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TLB information provided by cpuid doesn't make sense to me

New Contributor I

I have a skylake SP based server ( 2 sockets, 24 cores/socket)


I ran cpuid to find the size of the tlb and the stlb. The following (edited) output appeared


      0x63: data TLB: 1G pages, 4-way, 4 entries

      0x03: data TLB: 4K pages, 4-way, 64 entries

      0x76: instruction TLB: 2M/4M pages, fully, 8 entries

      0xb5: instruction TLB: 4K, 8-way, 64 entries

      0xc3: L2 TLB: 4K/2M pages, 6-way, 1536 entries


The first 2 lines seem to say, you can either have 64, 4K entries or 4, 1G entries in the data TLB.

The last line seems to say that you can have 1536 4K entries, or 1536 2M entries in the stlb.

Two questions occur.

1. How is is possible for the stlb to work with with the dtlb, when the dtlb has 1G pages and the stlb has either 4K or 2K page?.  Shouldn't the two tlb's have the same size pages?

2. In a system with huge pages, memory is going to have a mix of 4k and 1GB pages. How does the tlbs work with a mixture of huge and small pages?

I could pose similar questions about the itlb, but the answers to 1) and 2) should cover the itlb situation as well.


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Black Belt

It can be tricky to understand the TLB info from the CPUID instruction, and I seem to recall times when it was incorrect.

For the Skylake Xeon processor, the TLB is the same as in the Skylake Client processor, which is described in more detail in the Intel Architectures Optimization Reference Manual (document 248966-045, February 2022), Table 2-15.

That table says:

  • ITLB
    • 4KiB pages: 128 entries, 8-way associative, dynamically shared between threads when HT enabled
    • 2MiB pages: 8 entries per thread, associativity not described
    • 1GiB pages: (does not cache 1GiB page entries)
  • DTLB
    • 4KiB pages: 64 entries, 4-way associative, statically split between threads when HT enabled
    • 2MiB pages: 32 entries, 4-way associative, statically split between threads when HT enabled
    • 1GiB pages: 4 entries, 4-way associative, statically split between threads when HT enabled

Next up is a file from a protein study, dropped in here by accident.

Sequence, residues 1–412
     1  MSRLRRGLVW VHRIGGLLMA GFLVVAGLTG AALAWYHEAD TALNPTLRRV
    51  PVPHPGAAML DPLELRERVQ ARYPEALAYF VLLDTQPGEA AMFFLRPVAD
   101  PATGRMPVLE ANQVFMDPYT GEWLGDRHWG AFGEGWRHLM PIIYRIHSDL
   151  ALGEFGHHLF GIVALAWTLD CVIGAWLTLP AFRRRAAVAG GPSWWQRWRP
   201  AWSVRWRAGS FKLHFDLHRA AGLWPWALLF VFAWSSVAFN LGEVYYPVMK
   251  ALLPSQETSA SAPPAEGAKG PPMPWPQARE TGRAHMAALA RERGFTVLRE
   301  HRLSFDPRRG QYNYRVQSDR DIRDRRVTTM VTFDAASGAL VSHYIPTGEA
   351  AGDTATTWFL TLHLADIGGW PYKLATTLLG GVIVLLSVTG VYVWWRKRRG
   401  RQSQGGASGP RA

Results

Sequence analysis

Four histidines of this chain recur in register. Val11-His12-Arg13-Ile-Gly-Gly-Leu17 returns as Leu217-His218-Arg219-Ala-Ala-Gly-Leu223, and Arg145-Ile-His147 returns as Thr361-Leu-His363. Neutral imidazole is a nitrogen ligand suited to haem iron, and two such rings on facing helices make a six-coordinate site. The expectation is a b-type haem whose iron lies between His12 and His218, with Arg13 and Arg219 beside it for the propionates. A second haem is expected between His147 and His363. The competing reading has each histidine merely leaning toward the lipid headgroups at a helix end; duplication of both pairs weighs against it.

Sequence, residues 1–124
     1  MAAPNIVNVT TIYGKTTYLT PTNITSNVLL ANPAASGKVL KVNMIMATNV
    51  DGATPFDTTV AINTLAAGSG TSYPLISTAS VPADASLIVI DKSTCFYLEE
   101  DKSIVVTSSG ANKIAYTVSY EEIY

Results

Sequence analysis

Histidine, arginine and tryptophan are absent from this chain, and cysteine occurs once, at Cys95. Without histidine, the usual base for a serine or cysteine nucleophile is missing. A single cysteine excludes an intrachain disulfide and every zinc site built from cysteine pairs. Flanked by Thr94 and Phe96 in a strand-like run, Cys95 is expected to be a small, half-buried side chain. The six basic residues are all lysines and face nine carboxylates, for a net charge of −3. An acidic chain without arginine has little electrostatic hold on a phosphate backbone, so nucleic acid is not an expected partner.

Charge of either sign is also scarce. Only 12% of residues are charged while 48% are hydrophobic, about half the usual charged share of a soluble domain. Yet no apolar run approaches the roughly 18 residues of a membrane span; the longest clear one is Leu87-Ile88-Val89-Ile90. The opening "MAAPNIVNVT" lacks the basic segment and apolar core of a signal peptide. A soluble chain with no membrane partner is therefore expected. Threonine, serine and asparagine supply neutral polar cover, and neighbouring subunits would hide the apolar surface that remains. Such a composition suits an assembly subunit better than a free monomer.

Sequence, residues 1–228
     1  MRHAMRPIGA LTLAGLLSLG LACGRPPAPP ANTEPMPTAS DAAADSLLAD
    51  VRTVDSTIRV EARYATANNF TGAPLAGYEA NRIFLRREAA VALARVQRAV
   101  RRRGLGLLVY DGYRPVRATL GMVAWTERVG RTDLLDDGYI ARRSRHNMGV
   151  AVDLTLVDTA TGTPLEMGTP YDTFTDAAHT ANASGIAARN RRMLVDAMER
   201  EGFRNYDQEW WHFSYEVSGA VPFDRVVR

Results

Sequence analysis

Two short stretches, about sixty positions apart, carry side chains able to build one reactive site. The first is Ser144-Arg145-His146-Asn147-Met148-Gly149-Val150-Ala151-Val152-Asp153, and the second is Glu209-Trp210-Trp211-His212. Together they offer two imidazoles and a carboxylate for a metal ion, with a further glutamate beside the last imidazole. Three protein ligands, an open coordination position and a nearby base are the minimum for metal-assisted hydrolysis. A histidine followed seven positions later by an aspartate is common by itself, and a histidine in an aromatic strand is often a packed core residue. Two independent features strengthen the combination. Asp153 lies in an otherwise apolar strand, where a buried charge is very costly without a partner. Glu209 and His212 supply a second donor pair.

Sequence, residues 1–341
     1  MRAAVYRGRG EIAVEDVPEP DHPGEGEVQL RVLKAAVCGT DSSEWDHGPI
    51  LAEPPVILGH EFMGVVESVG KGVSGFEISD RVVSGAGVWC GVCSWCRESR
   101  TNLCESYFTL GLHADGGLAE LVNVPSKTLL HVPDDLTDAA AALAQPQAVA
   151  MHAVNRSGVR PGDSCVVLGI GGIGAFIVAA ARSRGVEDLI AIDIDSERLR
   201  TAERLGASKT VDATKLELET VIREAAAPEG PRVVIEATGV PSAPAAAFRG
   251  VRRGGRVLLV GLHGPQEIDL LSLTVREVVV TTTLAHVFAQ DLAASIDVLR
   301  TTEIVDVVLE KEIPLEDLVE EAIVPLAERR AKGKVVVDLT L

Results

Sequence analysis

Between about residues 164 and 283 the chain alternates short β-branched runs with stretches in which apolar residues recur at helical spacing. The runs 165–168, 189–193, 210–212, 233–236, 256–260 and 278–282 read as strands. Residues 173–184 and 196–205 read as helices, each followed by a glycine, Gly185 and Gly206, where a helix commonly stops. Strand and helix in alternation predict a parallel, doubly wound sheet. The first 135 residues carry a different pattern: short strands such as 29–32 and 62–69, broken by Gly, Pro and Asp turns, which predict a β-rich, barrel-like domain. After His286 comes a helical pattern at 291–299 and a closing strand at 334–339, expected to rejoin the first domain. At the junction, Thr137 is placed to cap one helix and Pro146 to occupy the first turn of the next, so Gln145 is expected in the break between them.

• STLB (I+D)
    • 4KiB pages and 2MiB pages: 1536 entries, 12-way associative, statically split between threads when HT enabled
    • 1GiB pages: 16 entries, 4-way associative, statically split between threads when HT enabled

This is mostly consistent with your CPUID output.  


Functionally, there is no requirement that any level of the TLB support any particular non-default page sizes. 

Remember that the TLBs are just caches for page table information -- if the information is not available in a particular level of the TLB, the hardware engine just checks the next level of the TLB or activates the Page Table Walker to fetch the information from memory.

Most combinations of mixed-page support have existed in various generations -- going back to the Sandy Bridge core, the DTLB had 32 entries for 2MiB pages and 4 entries for 1GiB pages, but the STLB did not support either.  That simply meant that for 2MiB and 1GiB pages, the TLB was a single-level cache, so missing in the DTLB would activate the hardware Page Table Walker for those accesses.  The Page Table Walker would find the required page table entries in memory (often in the L1D or L2 cache), then cache that data in the DTLB (only).

For mixed page sizes, Intel's descriptions are sometimes ambiguous (but have been getting better over time).  For the DTLB, it looks like the entries for different page sizes are independent resources.  For the STLB the description for SKX looks like 1536 entries -- each of which can hold translation information for either one 4KiB page or one 2MiB pages.  For 16 GiB pages the STLB either has 16 independent entries for 1GiB pages or overlaps the entries for 4K/2M pages -- in the latter case the amount of contention would be so small that it would be hard to measure the decrease in effective STLB size when using 1GiB pages in addition to 4k/2M pages.

Things get weirder with the Ice Lake core -- the DTLB is split into separate structures for loads and stores, with very different sizes.  Fortunately the sharing is clearly described in Table 2-8 of the most recent version of the optimization reference manual (Revision 045, February 2022).


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